The only time the cabinet has broken apart was in 1931. Overwhelmed by the Depression, Ramsay MacDonald, the Labour prime minister, lost the support of nine of his cabinet of 20. They refused to accept the cuts to unemployment benefits demanded by the orthodox economics of the time.
The King, George V, told MacDonald he was the “the only person who could carry the country through”, so MacDonald stayed on as head of a government “of men of all parties” – although he could persuade only three of his ministers to stand by him.
The Labour Party expelled its leader and his supporters and went into opposition, only to be crushed in the general election that followed.
That was what James Callaghan was trying to avoid in 1976, when another Labour government was asked to make cuts in public spending. He succeeded in holding the government and party together, by holding nine cabinet meetings in three weeks before the crucial meeting on 2 December. He allowed all cabinet ministers to submit papers – 13 of them did so – and wore them down by attrition. No one resigned, not even Tony Benn, Jeremy Corbyn’s hero, when the cabinet agreed to make the cuts needed to secure the loan from the International Monetary Fund.
Now Theresa May faces her crisis. She is expected to summon the cabinet to a two day meeting at Chequers, the prime minister’s country home, on 5 and 6 July. She will ask them to agree the trading relationship with the EU they want to seek in the final stage of the Brexit negotiations.
With less than two weeks to go, her ministers are still divided, while it is unclear that the EU will agree to anything they might decide.
Already, Theresa May has provided students of cabinet government with enough case study material for a year’s classes. When she arrived in No 10 she got rid of David Cameron’s sofa and replaced it with a glass-topped table and straight-backed chairs. Like many incoming prime ministers, she was going to sweep away the rule of her predecessor’s chums and “restore” collegiate decision-making, and like many of them she did no such thing. For her first 11 months her chiefs of staff, Fiona Hill and Nick Timothy, ran the most centralised government yet seen. For the past 12 months, however, since the election, she has been forced to defer to her cabinet.
Thus Jeremy Hunt refused to be sacked, and added social care to his responsibilities instead. This week he secured a huge and unfunded increase in planned spending on the NHS. And Sajid Javid, the new home secretary, having already abolished the “hostile environment” immigration policy that the prime minister still defends, bulldozed No 10 into a review of medicinal cannabis.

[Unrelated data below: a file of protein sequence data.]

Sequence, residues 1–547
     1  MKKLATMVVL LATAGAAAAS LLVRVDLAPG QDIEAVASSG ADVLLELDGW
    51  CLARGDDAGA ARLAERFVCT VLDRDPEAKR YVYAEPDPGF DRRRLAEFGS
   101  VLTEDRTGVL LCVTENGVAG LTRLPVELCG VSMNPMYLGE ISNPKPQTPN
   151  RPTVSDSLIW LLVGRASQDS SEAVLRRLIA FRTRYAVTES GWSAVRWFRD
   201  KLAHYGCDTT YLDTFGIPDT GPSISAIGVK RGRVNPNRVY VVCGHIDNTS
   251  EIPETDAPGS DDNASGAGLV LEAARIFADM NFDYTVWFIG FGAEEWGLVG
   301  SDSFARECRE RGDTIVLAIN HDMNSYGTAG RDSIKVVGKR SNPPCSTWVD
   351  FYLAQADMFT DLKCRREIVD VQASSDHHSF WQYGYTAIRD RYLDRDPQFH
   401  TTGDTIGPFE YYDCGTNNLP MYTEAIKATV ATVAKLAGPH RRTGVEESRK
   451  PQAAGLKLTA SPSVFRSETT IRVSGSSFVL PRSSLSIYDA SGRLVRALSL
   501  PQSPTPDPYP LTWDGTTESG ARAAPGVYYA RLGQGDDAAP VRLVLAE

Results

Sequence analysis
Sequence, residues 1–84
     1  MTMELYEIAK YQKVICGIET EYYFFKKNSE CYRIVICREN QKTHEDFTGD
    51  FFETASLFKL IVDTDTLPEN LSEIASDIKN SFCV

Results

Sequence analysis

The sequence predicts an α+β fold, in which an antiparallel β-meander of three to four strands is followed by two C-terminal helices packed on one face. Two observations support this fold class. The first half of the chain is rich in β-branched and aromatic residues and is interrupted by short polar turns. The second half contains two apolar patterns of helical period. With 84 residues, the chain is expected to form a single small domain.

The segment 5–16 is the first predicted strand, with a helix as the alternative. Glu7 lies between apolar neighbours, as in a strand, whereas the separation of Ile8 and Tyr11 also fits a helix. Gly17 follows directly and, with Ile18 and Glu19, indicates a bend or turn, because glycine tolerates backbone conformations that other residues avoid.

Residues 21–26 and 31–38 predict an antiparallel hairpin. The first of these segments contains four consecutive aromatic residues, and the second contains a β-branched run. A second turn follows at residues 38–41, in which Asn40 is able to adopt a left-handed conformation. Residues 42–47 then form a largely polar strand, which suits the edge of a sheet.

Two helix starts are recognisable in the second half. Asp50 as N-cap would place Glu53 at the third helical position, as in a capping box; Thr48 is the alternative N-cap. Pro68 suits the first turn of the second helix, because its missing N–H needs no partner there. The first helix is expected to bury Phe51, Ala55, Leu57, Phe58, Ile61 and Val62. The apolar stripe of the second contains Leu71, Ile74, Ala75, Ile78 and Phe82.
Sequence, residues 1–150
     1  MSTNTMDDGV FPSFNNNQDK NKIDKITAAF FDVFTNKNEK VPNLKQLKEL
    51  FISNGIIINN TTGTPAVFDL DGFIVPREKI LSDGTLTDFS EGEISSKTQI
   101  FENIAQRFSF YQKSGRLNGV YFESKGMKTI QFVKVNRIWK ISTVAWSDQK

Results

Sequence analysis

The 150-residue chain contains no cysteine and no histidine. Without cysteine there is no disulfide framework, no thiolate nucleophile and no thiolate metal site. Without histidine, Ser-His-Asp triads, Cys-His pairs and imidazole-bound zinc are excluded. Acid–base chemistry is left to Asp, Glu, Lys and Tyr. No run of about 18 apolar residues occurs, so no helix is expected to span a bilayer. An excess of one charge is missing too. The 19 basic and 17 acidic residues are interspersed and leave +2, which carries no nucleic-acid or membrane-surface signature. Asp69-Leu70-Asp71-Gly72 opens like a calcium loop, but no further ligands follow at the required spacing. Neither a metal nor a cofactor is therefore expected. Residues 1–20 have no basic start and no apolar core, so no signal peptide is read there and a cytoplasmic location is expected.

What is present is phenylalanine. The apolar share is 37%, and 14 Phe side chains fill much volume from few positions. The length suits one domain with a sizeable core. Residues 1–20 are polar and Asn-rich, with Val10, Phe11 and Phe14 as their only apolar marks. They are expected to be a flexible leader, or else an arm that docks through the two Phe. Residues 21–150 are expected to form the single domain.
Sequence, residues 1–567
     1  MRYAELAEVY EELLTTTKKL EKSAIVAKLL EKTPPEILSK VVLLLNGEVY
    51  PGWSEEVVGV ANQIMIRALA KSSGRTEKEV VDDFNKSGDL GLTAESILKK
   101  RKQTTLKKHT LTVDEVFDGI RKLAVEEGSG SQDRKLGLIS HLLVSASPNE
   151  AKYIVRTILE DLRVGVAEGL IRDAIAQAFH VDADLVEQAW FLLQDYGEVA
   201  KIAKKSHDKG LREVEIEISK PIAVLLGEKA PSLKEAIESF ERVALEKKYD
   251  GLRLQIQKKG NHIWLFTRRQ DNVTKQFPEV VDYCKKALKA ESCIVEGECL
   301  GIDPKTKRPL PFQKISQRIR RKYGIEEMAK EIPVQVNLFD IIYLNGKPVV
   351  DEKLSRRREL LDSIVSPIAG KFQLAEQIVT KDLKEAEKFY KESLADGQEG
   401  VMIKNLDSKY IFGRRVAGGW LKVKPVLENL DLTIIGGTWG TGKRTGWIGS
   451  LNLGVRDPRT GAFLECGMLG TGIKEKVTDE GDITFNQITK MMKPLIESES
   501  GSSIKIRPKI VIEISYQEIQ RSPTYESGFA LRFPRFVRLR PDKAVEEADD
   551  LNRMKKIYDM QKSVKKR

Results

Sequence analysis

It was only last week that David Davis, threatening to resign again, forced May to reverse a deal she had struck with Dominic Grieve, leader of the soft-Brexit Tory rebels. This week Davis proved a better judge of politics when Grieve backed down and the government won the last vote on the EU (Withdrawal) Bill by a majority of 16 – not bad when it has a notional working majority of 13.
Compared with such assertions of power, Boris Johnson’s verbal disloyalties seem tame. Today, for example, he protested against the possibility of a “bog roll Brexit, soft, yielding and seemingly infinitely long”. Colourful language, but meaningless unless he can persuade his Eurosceptic colleagues to threaten to resign together at Chequers.
It is not obvious that he can rely on Davis or Michael Gove for solidarity. Davis appears to have MacDonald-like delusions of indispensability, telling people he is the only person who can deliver Brexit, while Gove is said to argue that the important thing is to get out of the EU and then to fight for greater separation.
Theresa May is also taking the precaution of inviting the full cabinet to Chequers, rather than just the Brexit committee, which had a six-five split in favour of Leavers after Javid changed sides when he joined last month. The whole cabinet consists of 13 Remainers, eight Leavers and two Remain-to-Leave switchers, Javid and Hunt.
I don’t know what will happen at Chequers. There may be another fudge, although it is getting very late for that. There may be resignations, but not even the defection of half the cabinet could dislodge the prime minister in 1931.
So far, May is more of a Callaghan than a MacDonald. Surprisingly, perhaps, she has not yet lost a single cabinet minister on the issue of Brexit. Callaghan is mostly remembered as a decent prime minister who tried hard to make the best of a difficult situation; MacDonald is reviled as a traitor. May’s place in history beckons.